moe. night 1:













The first time I saw moe. was at Bear Creek 2009 when lead singer and bassist Rob Derhak had a broken leg so he had to sit-down the whole time. I have to say they were good but not good enough for me to remember any songs. Their performance at Magfest this year however, completely changed my mind. With Derhak back on both feet the energy was much higher. Also the decision to have moe. on the large stage proved to be an excellent choice. moe.’s lights played perfectly off the southern live oak trees behind the stage. The smokey air enhanced the lights making the lightshow a spectacle to behold. I don’t think I’ll ever forget these two nights of moe. Recommended listening for moe.: The Conch, St. Augustine.



Campground Life:

The weather over the weekend was pleasantly warm during the day. The second the sun went down though, the temperature dropped with it. Camp fires littered the woods with smoke so thick it almost felt like being inside a cold room.



















Saturday morning I woke up feeling fantastic. At 11 I headed on over to the Golf Cart parade where myself and two buddies drove around on the Traveling Tunes golf cart. The cart was an old flat bed cart which the merch tent uses to bring merch to sell to the different stages around the park. The merch tent had decorated the ugly old thing with pumpkin lights, flashing skulls and purple Christmas lights. Too bad the parade was the morning. Once the parade started everything went pretty smoothly until my friends and I got to the top of the hill in the campground where we started to loop back around. At this point the golf cart dies and the the three of us were forced to push the cart for the rest of the parade. Basically just another adventure in the world of the SOSMP.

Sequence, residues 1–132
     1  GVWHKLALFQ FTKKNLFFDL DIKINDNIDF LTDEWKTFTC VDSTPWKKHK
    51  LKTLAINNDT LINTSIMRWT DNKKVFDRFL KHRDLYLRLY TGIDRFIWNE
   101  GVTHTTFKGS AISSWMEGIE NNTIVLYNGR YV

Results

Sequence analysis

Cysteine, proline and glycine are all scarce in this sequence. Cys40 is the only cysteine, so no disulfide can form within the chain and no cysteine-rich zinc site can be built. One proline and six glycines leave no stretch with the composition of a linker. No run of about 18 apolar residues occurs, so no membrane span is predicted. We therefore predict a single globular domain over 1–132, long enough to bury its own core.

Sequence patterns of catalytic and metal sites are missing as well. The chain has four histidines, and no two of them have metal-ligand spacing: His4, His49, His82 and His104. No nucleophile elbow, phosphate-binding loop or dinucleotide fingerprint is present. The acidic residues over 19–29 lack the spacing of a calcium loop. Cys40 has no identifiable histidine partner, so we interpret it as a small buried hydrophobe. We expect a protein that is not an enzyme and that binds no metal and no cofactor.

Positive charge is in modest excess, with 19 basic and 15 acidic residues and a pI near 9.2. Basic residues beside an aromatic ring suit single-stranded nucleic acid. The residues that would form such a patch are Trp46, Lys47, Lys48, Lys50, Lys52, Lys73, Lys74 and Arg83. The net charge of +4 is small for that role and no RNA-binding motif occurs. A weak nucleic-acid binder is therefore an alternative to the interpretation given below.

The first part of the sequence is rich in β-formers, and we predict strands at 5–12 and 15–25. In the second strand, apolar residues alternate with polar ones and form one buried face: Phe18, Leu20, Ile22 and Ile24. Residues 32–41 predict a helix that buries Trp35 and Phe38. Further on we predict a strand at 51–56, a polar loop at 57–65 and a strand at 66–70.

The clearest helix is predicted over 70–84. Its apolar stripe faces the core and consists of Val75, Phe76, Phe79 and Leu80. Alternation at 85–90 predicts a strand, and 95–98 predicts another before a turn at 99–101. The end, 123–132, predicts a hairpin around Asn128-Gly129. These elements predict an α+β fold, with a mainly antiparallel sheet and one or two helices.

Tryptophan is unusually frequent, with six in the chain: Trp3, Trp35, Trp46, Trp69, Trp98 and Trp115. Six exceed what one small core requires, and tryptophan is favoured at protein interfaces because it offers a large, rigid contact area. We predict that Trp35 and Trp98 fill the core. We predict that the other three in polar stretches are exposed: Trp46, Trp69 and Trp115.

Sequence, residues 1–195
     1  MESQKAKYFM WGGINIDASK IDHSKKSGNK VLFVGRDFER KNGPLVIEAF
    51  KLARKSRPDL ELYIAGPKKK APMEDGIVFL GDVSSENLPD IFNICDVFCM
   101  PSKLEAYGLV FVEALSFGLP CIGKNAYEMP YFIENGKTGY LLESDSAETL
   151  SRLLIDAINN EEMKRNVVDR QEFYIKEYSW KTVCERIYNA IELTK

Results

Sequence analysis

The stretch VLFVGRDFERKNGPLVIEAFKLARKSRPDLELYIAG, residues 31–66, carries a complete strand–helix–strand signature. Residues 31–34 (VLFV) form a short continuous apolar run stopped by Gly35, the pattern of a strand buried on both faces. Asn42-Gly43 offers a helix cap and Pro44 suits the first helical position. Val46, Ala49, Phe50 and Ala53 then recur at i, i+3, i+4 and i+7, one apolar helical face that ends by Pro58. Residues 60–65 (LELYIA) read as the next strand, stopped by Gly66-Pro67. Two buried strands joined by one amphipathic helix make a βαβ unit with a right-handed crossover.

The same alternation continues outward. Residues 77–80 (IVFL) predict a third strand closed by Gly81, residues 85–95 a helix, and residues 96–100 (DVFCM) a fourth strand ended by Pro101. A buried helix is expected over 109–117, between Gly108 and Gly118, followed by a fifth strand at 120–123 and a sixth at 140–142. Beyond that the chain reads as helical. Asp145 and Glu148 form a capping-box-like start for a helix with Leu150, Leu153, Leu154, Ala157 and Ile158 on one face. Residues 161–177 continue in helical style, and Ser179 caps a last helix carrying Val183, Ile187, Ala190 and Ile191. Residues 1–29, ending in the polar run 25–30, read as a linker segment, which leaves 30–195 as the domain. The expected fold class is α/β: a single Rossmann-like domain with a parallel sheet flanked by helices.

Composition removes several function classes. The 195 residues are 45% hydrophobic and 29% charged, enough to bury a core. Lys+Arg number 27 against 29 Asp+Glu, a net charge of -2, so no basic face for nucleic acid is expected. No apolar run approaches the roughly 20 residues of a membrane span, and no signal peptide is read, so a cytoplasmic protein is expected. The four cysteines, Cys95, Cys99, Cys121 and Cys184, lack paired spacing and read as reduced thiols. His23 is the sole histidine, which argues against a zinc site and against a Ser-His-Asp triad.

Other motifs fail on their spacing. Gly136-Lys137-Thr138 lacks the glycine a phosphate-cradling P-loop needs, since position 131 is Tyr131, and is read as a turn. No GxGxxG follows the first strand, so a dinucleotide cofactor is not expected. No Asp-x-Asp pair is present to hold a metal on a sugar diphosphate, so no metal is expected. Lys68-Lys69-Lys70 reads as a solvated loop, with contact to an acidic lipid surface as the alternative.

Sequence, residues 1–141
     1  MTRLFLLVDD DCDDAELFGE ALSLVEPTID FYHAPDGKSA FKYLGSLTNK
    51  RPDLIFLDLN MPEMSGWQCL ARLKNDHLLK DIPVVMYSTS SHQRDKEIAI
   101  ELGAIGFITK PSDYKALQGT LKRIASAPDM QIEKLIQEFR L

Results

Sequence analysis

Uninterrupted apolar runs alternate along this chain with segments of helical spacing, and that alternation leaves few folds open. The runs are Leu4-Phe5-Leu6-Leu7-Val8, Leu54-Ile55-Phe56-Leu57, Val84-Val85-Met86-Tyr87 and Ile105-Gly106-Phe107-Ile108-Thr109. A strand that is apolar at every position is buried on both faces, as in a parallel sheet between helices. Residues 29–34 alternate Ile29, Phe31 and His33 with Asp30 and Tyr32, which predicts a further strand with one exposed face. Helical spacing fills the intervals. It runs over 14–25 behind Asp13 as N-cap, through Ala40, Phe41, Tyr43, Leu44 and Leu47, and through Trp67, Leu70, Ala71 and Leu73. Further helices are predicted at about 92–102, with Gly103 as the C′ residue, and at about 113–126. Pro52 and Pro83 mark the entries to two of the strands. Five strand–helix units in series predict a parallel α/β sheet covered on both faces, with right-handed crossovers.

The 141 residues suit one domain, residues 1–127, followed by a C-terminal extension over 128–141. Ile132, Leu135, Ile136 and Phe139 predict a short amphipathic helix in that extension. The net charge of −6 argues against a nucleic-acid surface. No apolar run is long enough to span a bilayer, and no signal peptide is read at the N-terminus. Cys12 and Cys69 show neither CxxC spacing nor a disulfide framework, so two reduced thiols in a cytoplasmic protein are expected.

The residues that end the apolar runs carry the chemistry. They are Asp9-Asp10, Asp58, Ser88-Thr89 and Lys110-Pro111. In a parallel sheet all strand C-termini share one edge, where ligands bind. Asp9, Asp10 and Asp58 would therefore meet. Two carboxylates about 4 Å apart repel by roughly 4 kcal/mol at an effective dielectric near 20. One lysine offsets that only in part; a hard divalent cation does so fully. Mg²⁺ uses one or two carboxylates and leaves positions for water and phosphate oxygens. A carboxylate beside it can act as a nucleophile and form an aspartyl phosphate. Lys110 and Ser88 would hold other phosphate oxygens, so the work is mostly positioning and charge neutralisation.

The Lee Boys with Victor Wooten:

The Lee Boys played a 4 o’clock set in the coolness of the afternoon sun. After about two songs the R&B, Gospel, Blues band brought legendary bassist Victor Wooten out on stage to jam with them. There was even a point where pedal steel guitar player Roosevelt Collier and lead singer Keith Lee whipped out their video cameras to get a shot of Neal Fountain, who was playing bass for the Lee Boys, jam with Wooten. Wooten stayed on stage with the Lee Boys making it one of the surprise sets of the weekend. Unfortunately Wooten didn’t join the jam later that night. The Lee Boys will also be playing Bear Creek in November, Roosevelt Collier is listed as an artist as large. Recommended listening for the Lee Boys: (Come On) Help Me Lift Him Up.








Based out of Chicago, ILL. the band Cornmeal puts out knee slapping bluegrass with Americana and folk music roots. A definite crowd favorite the band fed off the crowds energy making everyone forget how cold it was about to be. Allie Kral’s fiddle playing made it rather impossible not to dance your thoughts away. Recommended listening: The Girl I Left Behind, My Georgia Home, Stuck In The Mud.